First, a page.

Recorded during William (Whiehouse) Bennett's fleeting reign as guitarist, Wake Up was quickly withdrawn (& the band quietly dropped) when the omnipotent Walt Disney corporation threatened litigation over the record's unsanctioned cover image. Though 3 of it's 4 songs were hastily re-taped for Rough Trade's frenetic Beat Rhythm News LP (included in it's entirey on the K.R.S. collection), the oiginal takes are suitably different - noticeably edgier performances, less fussy production, etc - to warrant their inclusion here. If nothing else, hearing them will almost certainly send you off in search of the rest of the band's oeuvre, which can only be a good thing - but don't forget to give Lora's work with Mayo Thompson's frequently bewildering Red Krayola a listen too (I'm a huge fan).

Bennett, incidentally, would meet pioneering electronicists Daniel Miller & Robert Rental in 1979 while the 3 of them were touring as part of a multi-band Rough Trade package & purchase a surplus EDP Wasp keyboard from them: "an uncontrollably vicious beast of a synthesiser that subsequently became the heart of the Whitehouse sound". And the rest is history, as they say...

Essential Logic also recorded a superb John Peel session around the same time as the EP, though it's not currently listed in the BBC's otherwise-comprehensive Keeping It Peel archive. Peculiar, eh?

Further rumination: "Punk promised that you could become a new person. You could live a new life in a new world - & to live in it you needed a new name. It was late 1976 in London when 15-year-old schoolgirl saxophonist Susan Whitby answered an ad placed by a would-be "punk" band in the now defunct Melody Maker. The Band turned out to be X-Ray Spex, led by one Poly Styrene, who had left "Marion Elliot" on the sidewalk. Susan Whitby became Lora Logic.

Punk wasn't supposed to be "logical" - it wasn't supposed to make sense. The name set Lora apart, even as it brought her into the fold. It suggested a certain reserve, a step back, a raised eyebrow. As Lora lifted her horn & dove into Poly Styrene's songs - every one a critique of the world at large & the punk world spinning with it - that eyebrow never came down. When Lora was pushed out of the group & set about finding her own music, it jiggled.

In 1978, Lora formed Essential Logic & made "Aerosol Burns", which the ambitiously independent label Rough Trade sent out into the world. There was an EP with Virgin in 1979, headed by a fire alarm of a song called "Wake Up". A sense of danger & desire runs through the music like a wire: time is running out. Lora began almost every vocal singing high, her voice shaking, the shaking becoming a style, a point of view; then often her voice thickened, & she seemed to suck the fast pace of her band into her own doubt, or bounce it off her own frustration. With a small guitar-bass-drums ensemble, her saxaphone set the scene or led the sound out of it's circle - led it like a beckoning finger. (It) leaps with a stop-time dance beat, the vehemence of a woman insisting she will be as unexpected, as unwanted, & move as quickly, as she pleases.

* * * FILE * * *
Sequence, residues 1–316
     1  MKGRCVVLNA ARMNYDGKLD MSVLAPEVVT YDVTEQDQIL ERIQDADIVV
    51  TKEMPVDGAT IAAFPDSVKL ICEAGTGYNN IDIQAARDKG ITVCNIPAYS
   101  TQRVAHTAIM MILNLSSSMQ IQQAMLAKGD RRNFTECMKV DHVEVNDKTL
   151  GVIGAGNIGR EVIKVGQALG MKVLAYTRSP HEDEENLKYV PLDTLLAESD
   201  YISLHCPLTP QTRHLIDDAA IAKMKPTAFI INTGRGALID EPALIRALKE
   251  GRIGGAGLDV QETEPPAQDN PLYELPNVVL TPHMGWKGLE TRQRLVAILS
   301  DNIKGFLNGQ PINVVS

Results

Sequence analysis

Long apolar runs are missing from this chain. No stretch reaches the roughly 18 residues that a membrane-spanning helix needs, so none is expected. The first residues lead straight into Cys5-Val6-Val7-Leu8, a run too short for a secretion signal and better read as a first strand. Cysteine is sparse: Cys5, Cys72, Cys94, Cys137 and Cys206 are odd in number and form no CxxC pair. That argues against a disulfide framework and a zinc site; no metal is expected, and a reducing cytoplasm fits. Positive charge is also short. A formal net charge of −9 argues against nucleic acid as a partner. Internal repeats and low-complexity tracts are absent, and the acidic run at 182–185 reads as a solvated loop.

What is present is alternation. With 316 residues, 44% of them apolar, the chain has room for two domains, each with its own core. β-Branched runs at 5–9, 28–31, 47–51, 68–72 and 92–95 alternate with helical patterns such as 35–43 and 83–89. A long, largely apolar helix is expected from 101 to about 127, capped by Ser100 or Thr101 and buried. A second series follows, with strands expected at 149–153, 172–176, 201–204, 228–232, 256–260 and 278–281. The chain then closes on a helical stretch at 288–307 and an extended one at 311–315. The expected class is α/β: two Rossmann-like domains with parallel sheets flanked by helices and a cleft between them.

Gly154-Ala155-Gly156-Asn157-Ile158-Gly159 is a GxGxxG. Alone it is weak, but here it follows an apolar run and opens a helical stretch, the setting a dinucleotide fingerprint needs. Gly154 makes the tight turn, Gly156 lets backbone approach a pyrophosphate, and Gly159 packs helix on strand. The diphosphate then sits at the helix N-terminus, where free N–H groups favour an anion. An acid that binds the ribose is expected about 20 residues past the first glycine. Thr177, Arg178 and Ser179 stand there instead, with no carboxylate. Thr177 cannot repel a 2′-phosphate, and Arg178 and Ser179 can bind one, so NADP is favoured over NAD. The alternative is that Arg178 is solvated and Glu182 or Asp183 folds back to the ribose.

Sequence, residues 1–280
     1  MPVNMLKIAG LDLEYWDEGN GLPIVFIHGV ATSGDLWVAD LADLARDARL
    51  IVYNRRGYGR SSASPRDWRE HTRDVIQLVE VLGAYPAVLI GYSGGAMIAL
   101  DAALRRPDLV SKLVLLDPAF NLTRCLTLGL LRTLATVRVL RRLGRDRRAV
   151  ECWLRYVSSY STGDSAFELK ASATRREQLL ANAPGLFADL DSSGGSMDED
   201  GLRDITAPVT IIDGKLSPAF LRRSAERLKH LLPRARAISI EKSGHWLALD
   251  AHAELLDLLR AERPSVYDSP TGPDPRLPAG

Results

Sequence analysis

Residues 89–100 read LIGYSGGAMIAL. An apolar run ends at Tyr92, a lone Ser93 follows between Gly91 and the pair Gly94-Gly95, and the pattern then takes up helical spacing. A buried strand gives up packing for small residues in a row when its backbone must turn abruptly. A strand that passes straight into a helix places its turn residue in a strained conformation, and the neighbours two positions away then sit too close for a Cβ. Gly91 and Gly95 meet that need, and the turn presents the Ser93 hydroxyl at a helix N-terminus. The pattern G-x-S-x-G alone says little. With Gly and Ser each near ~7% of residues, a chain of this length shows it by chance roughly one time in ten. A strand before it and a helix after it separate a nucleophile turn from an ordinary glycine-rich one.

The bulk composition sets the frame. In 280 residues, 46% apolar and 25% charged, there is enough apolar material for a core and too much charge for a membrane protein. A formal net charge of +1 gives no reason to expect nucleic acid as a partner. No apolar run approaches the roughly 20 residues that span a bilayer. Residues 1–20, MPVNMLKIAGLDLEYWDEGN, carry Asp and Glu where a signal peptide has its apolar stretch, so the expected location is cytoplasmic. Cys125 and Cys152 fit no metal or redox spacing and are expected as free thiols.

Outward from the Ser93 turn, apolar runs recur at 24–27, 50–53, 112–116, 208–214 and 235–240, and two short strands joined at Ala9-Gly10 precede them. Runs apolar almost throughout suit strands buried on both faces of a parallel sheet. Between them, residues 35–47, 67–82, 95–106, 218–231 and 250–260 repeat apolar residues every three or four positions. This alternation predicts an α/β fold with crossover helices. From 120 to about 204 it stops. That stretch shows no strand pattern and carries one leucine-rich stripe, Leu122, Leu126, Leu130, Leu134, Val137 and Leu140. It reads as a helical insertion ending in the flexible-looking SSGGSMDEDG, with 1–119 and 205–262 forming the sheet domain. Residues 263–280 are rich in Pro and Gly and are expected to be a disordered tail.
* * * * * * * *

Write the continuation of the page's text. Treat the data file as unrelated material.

Lora was on the edges of an experimental, avant-garde scene at Rough Trade, adding sax to a cut on the first Raincoats album, appearing with cult outfits Scritti Politti or Swell Maps, moonlighting in Mayo Thompson's reconstituted Red Crayola. On red Crayola's 1981 Kangaroo? she is absolutely unfettered, singing as if she's flying over the band, all but pulling it into the air with her.

Always, Lora Logic has made odd music. A punk band wasn't supposed to have a saxaphone in 1977. In 1980, avant-garde post-punk artists on Rough Trade didn't sound girlish, as if they knew a secret they'd promised not to tell. In Red Crayola, no one else knew to sing as if there were secrets they didn't know. In no (other) time have people been able to leave their time, giving you the feeling that the war raging outside your door is not real. But punk was, as Lora Logic put it last year, a time "when a lot of people got heard."" (Griel Marcus, 2003.)

Lora's only post-Essential album (so far), 1982's Pedigree Charm, found her exploring increasingly meditative, earthier sounds - befitting, perhaps, her blossoming interest in the Hare Krishna movement, to whom she'd shortly (& contentedly) devote her life. Following an arranged marriage in the early '80s, Lora reportedly ended up raising her children & pursuing a peaceful, spiritual existence in a manor house owned by George Harrison, a long way from playing sax at The Roxy to a herd of glued-up punks. And if that sounds like I'm sneering... you're mistaken. Frankly I'm rather envious.

n.b. The photograph of Lora & guitarist Phil Legg (aka Ashley Buff) was taken on Clarendon Road, Notting Hill in September 1979 by David Corio.

Waddle ya play?


DEUTSCH AMERIKANISCHE FREUNDSCHAFT : Live in Bonn - 22nd December 1980 (Cassette recording).

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Düsseldorf's were one of the first underground bands I worshipped as a school kid. They seemed infinitely "cooler" than Devo, Squeeze, or New Musik (because they were) - so much so that I took my copy of Gold Und Liebe with me to the barber at the end of the street so I could get my hair butchered into a council estate version of Robert Görl's utilitarian haarschnitt. They were another flock of beautiful mutants (Cabaret Voltaire, Fad Gadget, The Fall, et al) that I initially spied in Smash Hits (who adored them), & they were on the front cover of one of the first copies of the New Musicial Express I purchased too.